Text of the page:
Laid-off plantation workers face tough job market on Maui - Hawaii News Now - KGMB and KHNL

Laid-off plantation workers face tough job market on Maui

This undated photo shows Puunene Mill on Maui. Photo Source: Wikimedia Commons This undated photo shows Puunene Mill on Maui. Photo Source: Wikimedia Commons

The 675 workers who will lose their jobs this year as Hawaiian Commercial & Sugar Co. shuts down sugar operations face a tough job market on Maui, with a glut of entry-level positions but limited higher-paying jobs.

HC&S owner Alexander and Baldwin is promising laid off employees severance packages and help finding work.

But, said Maui state Sen. J. Kalani English, "There may not be jobs for people to go to."

He believes it will be easier for the plantation's welders and truck drivers to land another job.

"But the people that are in the field, that are harvesting cane, driving the trucks, etc., I think they'll have a more difficult time," he said.

There are few openings in Maui's tourism industry.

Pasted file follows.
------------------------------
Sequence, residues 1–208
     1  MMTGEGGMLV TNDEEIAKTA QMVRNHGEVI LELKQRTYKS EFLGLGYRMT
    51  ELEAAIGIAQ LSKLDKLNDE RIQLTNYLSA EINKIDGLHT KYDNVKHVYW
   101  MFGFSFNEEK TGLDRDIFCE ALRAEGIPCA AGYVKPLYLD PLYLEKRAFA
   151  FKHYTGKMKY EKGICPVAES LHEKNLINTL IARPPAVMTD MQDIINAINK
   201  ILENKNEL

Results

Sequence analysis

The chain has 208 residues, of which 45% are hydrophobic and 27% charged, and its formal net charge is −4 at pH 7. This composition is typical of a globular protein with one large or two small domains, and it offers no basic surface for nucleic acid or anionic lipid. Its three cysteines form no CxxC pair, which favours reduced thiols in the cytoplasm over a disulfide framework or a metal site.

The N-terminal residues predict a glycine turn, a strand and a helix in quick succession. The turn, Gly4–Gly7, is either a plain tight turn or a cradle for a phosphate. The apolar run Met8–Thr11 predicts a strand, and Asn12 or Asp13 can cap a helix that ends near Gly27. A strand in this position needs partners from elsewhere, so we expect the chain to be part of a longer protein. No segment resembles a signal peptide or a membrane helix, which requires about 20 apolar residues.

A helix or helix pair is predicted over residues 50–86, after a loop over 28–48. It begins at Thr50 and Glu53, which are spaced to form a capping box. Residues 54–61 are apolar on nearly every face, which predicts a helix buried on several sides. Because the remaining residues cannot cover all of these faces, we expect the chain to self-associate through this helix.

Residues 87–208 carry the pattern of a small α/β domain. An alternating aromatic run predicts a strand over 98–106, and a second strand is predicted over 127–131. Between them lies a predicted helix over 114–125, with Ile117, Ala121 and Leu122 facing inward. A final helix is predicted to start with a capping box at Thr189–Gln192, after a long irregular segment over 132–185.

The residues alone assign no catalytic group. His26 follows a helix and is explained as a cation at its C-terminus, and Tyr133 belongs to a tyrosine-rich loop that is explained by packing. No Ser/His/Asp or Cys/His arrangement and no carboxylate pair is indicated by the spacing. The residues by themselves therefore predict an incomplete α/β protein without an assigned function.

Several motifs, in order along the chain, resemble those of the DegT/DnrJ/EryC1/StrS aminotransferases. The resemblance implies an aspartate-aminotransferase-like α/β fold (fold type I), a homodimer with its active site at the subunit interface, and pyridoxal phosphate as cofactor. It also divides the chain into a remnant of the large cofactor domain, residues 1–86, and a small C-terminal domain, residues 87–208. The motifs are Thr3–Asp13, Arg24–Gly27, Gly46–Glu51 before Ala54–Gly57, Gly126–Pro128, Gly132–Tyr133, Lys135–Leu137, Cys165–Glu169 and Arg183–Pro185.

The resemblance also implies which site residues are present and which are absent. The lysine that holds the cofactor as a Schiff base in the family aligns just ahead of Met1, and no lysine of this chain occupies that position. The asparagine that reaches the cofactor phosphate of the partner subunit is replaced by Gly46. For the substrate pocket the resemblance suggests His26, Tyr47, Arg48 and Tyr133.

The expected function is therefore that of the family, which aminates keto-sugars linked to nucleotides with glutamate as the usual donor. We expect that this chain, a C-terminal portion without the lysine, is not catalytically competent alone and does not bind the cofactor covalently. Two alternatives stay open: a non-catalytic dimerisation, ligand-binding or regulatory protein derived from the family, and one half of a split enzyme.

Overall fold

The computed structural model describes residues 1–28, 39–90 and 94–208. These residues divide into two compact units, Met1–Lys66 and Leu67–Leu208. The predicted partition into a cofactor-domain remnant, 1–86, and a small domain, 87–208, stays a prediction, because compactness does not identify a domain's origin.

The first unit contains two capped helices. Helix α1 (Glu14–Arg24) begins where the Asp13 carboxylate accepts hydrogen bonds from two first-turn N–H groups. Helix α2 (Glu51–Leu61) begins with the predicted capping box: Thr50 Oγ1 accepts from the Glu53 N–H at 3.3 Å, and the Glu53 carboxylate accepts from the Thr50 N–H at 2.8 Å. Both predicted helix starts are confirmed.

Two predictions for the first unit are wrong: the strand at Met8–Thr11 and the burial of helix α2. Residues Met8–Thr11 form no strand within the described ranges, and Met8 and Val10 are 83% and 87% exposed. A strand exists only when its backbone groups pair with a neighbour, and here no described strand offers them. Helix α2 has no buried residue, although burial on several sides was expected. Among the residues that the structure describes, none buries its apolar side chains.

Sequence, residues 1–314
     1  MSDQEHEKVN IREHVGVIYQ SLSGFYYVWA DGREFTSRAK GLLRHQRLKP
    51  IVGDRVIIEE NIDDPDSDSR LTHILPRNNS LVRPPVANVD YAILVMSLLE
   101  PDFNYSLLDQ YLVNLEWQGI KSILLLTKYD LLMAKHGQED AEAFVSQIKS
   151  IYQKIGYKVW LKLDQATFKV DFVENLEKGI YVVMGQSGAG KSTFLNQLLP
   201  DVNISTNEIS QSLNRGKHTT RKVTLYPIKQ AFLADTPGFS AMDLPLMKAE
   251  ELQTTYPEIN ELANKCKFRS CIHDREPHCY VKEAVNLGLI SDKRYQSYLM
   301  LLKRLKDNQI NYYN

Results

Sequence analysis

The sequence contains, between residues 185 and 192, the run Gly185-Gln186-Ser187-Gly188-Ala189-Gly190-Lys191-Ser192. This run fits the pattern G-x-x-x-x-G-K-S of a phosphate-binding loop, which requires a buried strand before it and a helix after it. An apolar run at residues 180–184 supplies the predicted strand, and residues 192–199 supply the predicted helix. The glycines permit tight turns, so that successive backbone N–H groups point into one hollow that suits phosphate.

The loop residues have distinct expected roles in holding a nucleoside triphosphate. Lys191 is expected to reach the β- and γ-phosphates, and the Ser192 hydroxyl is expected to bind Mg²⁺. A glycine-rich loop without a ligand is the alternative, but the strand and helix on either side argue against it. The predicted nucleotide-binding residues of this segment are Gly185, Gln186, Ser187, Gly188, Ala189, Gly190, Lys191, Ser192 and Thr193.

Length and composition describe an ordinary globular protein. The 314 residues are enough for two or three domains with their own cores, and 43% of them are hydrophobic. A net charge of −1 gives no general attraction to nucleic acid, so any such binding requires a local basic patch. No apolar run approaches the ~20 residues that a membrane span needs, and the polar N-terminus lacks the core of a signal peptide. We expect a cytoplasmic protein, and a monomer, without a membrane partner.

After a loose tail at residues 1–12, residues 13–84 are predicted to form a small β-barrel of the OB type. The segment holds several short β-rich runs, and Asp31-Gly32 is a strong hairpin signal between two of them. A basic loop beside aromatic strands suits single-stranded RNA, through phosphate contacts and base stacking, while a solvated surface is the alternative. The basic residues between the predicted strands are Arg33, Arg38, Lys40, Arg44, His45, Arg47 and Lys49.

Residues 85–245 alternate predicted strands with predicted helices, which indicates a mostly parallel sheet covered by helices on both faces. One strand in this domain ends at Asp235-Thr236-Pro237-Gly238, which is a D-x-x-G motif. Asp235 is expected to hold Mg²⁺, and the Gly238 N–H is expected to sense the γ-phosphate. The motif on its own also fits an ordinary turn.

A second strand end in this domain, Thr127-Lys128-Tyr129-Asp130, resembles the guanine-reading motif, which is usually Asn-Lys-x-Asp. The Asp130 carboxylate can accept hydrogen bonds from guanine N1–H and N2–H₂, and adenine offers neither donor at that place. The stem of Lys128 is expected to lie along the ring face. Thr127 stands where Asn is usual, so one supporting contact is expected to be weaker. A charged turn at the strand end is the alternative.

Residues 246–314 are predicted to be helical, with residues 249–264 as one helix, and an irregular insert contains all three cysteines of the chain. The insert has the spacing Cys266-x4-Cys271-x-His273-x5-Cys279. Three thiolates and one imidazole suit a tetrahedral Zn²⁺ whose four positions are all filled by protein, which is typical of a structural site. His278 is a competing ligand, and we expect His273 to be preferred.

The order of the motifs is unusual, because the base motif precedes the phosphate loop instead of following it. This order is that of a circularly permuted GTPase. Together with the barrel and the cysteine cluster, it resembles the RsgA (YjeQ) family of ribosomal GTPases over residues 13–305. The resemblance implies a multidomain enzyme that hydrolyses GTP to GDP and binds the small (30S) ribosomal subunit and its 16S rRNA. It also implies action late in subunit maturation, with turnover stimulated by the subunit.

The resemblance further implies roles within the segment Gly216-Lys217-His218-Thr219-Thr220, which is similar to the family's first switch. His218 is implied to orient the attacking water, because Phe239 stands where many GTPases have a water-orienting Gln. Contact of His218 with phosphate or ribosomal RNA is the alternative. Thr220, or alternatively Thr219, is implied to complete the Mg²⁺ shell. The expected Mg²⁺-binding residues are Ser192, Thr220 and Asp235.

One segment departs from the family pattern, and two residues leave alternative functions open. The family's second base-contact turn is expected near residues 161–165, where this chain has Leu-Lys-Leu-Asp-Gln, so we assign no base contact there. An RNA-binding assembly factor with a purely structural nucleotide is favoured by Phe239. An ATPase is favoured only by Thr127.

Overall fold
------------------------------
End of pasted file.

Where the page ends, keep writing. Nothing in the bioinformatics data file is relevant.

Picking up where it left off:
One bright spot is that unemployment on the Valley Isle is only about 3 percent.

"We're in one of the lowest unemployment times. We'll probably be able to absorb many of the employees because there's a demand for workers," said Maui Mayor Alan Arakawa.

The problem: Many of those positions don't pay as much as the plantation.

"There are a lot of jobs available, but they're retail, customer service, there's jobs at the airport," said University of Hawaii-Maui economics professor Cynthia Foreman. "They're all entry-level positions that pay close to minimum wage."

The state Department of Labor and Industrial Relations has offered help to the ILWU, the union that represents HC&S workers.

"We will be prepared to provide information on unemployment compensation benefits, on career transition counseling, on job training, job placement," Labor Department Director Linda Chu-Takayama said.

A&B plans to divide its 36,000 acres in central Maui into smaller farms for cattle, food and energy crops.

"A&B is looking at different types of agriculture," English said. "We're hoping that they can help transition some of those workers into energy field crops."

The layoffs begin in March and will be completed by the end of the year.

One of those who will be laid off is machinist Wesley Bissen.

He's near retirement, and is more worried about his colleagues who are younger.

"It's all these guys," he said. "That's all my family."

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